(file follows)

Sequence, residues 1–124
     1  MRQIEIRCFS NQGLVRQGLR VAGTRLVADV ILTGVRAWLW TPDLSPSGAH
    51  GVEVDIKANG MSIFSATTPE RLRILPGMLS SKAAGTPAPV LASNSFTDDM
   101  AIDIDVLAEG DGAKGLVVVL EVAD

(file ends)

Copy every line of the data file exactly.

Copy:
Sequence, residues 1–124
     1  MRQIEIRCFS NQGLVRQGLR VAGTRLVADV ILTGVRAWLW TPDLSPSGAH
    51  GVEVDIKANG MSIFSATTPE RLRILPGMLS SKAAGTPAPV LASNSFTDDM
   101  AIDIDVLAEG DGAKGLVVVL EVAD